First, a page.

The incidence of lung cancer appears to be higher among young women compared with young men in the United States as well as 5 other countries. Historically, the incidence of lung cancer has been higher among men than women because a larger population of men began smoking sooner (and smoke more often) than women. The findings were recently published in International Journal of Cancer.

To identify lung and bronchial cancer cases, the study researchers used national or subnational registry data that were accepted for publication in Cancer Incidence in Five Continents volumes VIII to XI. These data were used to calculate 5-year age-specific lung cancer incidence rates for men and women, and the incidence rates were grouped by estimated birth year and histologic subtype.

Overall, 6 countries — Canada, Denmark, Germany, New Zealand, the Netherlands, and the United States — had a chronological shift from lung cancer incidence rates being higher among young men to rates being higher among young women. For example, the female-to-male incidence rate ratio shifted from 0.7 (95% CI, 0.6–0.8) to 1.5 (95% CI, 1.4–1.7) among women in the Netherlands aged 45 to 49 years. In the United States, lung cancer incidence rates for women were higher among those aged 40 to 44 years and 45 to 49 years.

The higher lung cancer incidence rates among young women could not be explained by a difference in smoking, as the prevalence of smoking among women was never higher than that for men across the 6 countries.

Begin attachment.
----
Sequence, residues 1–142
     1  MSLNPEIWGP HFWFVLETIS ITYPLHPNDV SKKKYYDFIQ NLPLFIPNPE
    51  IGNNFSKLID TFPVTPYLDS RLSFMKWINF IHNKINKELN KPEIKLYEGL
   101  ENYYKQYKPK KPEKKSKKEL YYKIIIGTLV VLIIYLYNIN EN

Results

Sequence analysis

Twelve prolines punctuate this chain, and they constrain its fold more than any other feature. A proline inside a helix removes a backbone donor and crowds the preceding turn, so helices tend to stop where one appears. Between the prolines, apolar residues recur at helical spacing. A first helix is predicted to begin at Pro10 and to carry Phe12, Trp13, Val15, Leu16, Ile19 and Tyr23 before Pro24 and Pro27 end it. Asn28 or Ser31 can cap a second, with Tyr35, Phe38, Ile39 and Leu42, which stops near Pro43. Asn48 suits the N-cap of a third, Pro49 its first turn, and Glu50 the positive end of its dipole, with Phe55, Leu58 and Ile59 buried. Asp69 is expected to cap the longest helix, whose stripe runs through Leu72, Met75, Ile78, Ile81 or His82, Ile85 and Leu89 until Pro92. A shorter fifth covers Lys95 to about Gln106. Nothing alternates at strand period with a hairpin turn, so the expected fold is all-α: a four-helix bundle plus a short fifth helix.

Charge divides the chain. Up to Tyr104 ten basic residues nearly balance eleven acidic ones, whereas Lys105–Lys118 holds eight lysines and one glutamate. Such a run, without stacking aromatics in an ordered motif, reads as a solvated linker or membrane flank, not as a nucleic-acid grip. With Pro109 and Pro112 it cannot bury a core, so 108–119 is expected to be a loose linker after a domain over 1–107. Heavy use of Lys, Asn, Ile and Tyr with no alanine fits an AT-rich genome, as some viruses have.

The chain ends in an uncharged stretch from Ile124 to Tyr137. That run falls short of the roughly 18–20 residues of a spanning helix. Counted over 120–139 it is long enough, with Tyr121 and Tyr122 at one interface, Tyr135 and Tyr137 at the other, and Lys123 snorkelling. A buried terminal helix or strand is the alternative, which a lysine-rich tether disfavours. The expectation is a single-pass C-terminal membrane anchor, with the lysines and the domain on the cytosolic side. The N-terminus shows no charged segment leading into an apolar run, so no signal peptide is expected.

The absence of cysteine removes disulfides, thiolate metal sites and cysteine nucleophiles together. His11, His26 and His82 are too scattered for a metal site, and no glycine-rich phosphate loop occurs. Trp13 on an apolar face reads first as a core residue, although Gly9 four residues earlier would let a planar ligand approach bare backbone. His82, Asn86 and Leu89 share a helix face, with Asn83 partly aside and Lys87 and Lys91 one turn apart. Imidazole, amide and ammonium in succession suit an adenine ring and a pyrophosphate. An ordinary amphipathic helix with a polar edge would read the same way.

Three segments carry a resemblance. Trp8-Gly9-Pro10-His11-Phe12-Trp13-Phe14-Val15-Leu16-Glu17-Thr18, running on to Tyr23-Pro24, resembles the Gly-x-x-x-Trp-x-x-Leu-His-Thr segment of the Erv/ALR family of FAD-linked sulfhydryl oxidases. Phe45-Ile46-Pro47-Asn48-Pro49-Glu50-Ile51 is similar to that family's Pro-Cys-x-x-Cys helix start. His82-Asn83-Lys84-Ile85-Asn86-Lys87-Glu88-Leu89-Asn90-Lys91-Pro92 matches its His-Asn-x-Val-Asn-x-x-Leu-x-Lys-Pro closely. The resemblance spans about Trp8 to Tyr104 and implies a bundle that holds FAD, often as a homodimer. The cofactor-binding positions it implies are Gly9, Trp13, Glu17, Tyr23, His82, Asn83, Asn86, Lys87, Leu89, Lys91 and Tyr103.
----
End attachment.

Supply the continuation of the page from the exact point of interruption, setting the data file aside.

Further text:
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Known contributors to lung cancer, including type of tobacco use, intensity and duration of smoking, and age at which smoking began, were unknown for the 6 countries and therefore, could not be evaluated.

According to the study researchers, an earlier study in the United States indicated that type of tobacco use and intensity of smoking were “unlikely” to explain why young women had a higher incidence of lung cancer incidence.

“As our results cannot be fully explained by tobacco use, other risk factors for lung cancer, nor screening, it is possible that females may be at an increased risk of lung cancer compared to males,” the study researchers wrote.

Reference

Fidler-Benaoudia MM, Torre LA, Bray F, Ferlay J, and Jemal A. Lung cancer incidence in young women vs. young men: A systematic analysis in 40 countries [published online February 5, 2020]. Int J Cancer. doi: 10.1002/ijc.32809.

This article originally appeared on Cancer Therapy Advisor